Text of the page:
The word “side” has other mean­ings, too

Spotlight - - SPOKEN ENGLISH -

Peo­ple on your mother’s side of the fam­ily are your mother’s rel­a­tives:

My mother’s side of the fam­ily all come from Texas. A side can also be a team in sport:

The Ger­man side played very badly in the match. If you are on some­one’s side, you sup­port that per­son:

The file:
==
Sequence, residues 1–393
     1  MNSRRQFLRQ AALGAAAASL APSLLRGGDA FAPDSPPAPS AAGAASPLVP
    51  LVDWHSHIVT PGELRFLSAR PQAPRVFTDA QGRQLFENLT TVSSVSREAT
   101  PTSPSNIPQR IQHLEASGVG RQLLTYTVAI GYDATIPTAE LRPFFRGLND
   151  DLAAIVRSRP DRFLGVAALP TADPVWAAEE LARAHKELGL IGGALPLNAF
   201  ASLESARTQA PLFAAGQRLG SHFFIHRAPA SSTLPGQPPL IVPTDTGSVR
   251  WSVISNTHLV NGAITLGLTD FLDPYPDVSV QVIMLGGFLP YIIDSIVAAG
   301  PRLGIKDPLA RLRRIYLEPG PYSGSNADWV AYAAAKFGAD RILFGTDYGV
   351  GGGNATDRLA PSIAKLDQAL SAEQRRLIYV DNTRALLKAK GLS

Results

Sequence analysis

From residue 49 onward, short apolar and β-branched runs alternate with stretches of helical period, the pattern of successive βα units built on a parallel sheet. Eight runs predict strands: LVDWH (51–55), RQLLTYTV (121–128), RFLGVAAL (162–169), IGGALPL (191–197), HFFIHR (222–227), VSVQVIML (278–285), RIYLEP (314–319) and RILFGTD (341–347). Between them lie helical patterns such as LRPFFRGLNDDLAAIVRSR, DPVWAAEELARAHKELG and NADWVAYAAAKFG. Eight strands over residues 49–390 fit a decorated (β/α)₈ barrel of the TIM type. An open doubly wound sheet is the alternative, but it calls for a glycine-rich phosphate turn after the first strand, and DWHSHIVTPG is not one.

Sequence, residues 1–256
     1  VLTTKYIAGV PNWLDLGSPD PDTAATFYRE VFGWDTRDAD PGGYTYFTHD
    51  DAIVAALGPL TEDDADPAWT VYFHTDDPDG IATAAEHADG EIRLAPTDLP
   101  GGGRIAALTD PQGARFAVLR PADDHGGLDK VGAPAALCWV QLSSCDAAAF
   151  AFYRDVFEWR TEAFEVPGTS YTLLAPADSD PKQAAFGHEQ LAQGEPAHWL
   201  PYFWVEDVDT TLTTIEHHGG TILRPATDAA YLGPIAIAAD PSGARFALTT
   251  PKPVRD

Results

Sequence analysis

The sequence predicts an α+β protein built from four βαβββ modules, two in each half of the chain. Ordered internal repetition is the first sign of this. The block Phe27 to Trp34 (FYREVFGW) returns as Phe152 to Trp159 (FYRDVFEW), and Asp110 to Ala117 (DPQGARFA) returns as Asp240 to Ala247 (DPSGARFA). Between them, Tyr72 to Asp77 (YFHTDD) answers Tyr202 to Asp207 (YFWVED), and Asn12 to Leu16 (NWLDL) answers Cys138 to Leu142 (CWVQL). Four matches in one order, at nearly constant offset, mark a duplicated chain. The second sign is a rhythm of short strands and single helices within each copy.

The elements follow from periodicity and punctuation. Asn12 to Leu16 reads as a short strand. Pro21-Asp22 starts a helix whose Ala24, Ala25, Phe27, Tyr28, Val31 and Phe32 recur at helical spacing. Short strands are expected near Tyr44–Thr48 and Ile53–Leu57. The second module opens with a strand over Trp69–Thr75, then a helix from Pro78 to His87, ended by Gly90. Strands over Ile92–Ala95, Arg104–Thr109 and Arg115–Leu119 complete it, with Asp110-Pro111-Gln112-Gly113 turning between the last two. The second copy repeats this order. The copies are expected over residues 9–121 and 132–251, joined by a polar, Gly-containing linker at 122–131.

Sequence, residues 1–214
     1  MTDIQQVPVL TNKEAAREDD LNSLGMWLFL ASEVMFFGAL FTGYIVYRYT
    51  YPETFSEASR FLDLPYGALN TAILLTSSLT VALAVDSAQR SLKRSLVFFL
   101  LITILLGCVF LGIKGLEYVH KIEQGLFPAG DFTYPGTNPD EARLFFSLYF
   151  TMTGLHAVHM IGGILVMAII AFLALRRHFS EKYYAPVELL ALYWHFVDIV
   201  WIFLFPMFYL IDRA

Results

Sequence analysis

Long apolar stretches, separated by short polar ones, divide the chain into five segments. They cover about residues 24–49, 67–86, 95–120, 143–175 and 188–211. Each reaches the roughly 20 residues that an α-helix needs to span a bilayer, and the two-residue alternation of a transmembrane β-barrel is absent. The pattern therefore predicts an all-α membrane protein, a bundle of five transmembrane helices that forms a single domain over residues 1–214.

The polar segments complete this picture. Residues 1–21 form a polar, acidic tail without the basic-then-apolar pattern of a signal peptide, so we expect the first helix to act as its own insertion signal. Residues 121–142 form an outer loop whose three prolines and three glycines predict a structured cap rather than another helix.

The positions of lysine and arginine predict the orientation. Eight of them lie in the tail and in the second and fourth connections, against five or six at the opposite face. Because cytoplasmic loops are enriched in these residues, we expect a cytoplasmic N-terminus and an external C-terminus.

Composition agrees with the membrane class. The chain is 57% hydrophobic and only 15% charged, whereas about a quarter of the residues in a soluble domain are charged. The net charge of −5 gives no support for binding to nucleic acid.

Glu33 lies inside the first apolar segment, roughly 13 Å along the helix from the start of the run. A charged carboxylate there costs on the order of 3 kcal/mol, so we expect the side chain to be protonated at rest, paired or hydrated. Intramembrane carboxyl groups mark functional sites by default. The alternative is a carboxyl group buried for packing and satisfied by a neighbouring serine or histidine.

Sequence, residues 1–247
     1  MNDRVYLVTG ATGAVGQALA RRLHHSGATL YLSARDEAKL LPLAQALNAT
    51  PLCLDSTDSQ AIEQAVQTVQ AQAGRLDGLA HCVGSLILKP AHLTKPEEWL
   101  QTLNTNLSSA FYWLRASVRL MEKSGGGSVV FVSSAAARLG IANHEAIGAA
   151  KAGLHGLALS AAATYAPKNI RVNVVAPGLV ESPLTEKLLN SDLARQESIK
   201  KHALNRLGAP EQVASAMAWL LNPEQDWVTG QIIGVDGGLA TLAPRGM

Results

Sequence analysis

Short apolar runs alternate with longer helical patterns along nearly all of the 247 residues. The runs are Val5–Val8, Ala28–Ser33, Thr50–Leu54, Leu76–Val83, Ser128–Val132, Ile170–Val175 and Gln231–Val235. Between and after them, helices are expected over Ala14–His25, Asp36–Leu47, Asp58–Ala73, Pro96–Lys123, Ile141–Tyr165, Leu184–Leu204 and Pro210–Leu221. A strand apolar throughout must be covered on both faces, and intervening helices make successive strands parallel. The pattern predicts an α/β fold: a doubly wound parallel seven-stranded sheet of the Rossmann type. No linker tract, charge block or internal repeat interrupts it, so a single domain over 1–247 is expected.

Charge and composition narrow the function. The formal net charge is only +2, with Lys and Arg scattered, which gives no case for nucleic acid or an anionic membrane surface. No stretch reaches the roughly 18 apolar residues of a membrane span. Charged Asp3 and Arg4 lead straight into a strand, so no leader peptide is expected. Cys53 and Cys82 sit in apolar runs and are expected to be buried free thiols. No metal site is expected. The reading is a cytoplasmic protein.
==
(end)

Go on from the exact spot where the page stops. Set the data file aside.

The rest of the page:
Don’t be an­gry. I’m on your side. I’m try­ing to help you. If you take sides, you sup­port one group against an­other: I don’t want to take sides in the ar­gu­ment between you and your sis­ter, but you get very heated. You can also talk about a side to some­one’s char­ac­ter or per­son­al­ity. Peo­ple may, there­fore, have a gen­er­ous side, an am­bi­tious side or a ro­man­tic side: He al­ways seems very prac­ti­cal, but he does have a ro­man­tic side, too.

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